If you look for sequential MRI in SPMS you see a pattern of increasing lesion, even in people treated with whatever the treating agent is example: http://www.ncbi.nlm.nih.gov/entrez/quer ... query_hl=3

Try to find an instance of SPMS wherein the MRI is stable or reduced after 2 years as well as having reduced edss.
It does not exist. Sarah qualifies as a case study here, or rather an interesting story that is verifiable that indicates an interesting new direction of treatment. Of course general medicine will require a bunch of such work to have empirical proof. I can't wait to hear everyone elses MRI results....and I can't wait to see if I also have the bacterial cause for my "MS". The least that can be said is that in Sarah's case it clearly was a bacteria. How many others have this issue as well? Some? Many?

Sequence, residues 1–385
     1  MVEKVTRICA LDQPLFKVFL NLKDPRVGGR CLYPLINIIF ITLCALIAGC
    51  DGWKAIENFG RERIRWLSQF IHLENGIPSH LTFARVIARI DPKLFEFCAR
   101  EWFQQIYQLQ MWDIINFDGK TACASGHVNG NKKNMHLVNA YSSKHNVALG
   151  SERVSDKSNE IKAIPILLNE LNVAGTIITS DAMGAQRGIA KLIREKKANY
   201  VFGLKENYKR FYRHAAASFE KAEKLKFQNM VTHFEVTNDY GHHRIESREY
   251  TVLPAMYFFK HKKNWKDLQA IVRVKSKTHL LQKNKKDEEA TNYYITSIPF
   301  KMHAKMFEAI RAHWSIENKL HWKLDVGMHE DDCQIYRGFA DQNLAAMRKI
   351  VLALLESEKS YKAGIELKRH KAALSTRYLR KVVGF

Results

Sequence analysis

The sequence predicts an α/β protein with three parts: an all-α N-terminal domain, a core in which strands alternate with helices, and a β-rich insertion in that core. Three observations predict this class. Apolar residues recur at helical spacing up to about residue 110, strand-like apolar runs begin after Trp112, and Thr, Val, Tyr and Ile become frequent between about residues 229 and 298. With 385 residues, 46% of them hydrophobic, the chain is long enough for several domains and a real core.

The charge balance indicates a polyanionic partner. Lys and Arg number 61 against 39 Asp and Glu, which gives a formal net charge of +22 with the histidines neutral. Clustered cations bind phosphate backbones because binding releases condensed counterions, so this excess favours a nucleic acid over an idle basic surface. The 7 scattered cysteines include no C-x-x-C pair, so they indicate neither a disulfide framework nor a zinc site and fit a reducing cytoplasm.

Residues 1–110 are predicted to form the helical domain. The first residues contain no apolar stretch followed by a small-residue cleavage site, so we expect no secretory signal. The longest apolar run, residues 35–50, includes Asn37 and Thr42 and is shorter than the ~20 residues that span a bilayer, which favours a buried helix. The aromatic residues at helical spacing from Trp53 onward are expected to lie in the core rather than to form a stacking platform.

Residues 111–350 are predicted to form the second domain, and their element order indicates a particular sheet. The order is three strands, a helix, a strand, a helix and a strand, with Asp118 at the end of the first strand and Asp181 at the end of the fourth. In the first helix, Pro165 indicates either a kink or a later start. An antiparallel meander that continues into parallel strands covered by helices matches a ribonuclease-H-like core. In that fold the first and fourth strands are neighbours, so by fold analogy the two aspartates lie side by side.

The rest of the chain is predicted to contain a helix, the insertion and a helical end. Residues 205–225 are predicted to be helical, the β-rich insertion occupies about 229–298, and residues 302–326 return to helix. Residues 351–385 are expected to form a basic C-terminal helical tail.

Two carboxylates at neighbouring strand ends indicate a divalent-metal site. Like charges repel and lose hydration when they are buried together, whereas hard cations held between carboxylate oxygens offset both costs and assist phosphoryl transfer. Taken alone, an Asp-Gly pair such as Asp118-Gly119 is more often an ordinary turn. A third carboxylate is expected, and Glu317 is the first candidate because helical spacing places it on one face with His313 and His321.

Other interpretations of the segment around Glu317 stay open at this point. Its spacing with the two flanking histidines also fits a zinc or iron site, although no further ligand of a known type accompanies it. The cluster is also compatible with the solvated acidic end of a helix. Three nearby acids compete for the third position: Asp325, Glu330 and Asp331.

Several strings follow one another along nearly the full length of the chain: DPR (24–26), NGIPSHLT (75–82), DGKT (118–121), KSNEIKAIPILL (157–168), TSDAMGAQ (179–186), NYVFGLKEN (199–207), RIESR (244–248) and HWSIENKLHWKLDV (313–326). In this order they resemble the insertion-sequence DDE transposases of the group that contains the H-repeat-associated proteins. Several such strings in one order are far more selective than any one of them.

The lesion project indicates there are 4 types of lesions. It seems perhaps one type is bacterial.

I, for one, am convinced
Marie
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Sarah's MRI

Postby Katman » Fri Aug 26, 2005 11:28 am

We were ALL waiting for those results and they were exactly what we all expected and hoped for! A celebration is in order! I expect all of you others to carry it out. The first nero. I went to (here in town) said "You have peri[pheral neuropathe from drinking". I said "I don't drink- it makes me feel funny". He said "it's ok, how much do you drink". etc. etc. He would not believe that I don't drink. When I was finally diagnosed two years later, I called and left a message that it was MS and by the way, I still don't drink. I hear that his wife has left him. Wonder why....

Katman
2010 5 years 4 months Now on Amoxicillin, Doxy, Rifampin, Azith, and caffeine in addition to  flagyl. 90% normal good days-50% normal bad days. That is a good thing.
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Postby Arron » Fri Aug 26, 2005 11:59 am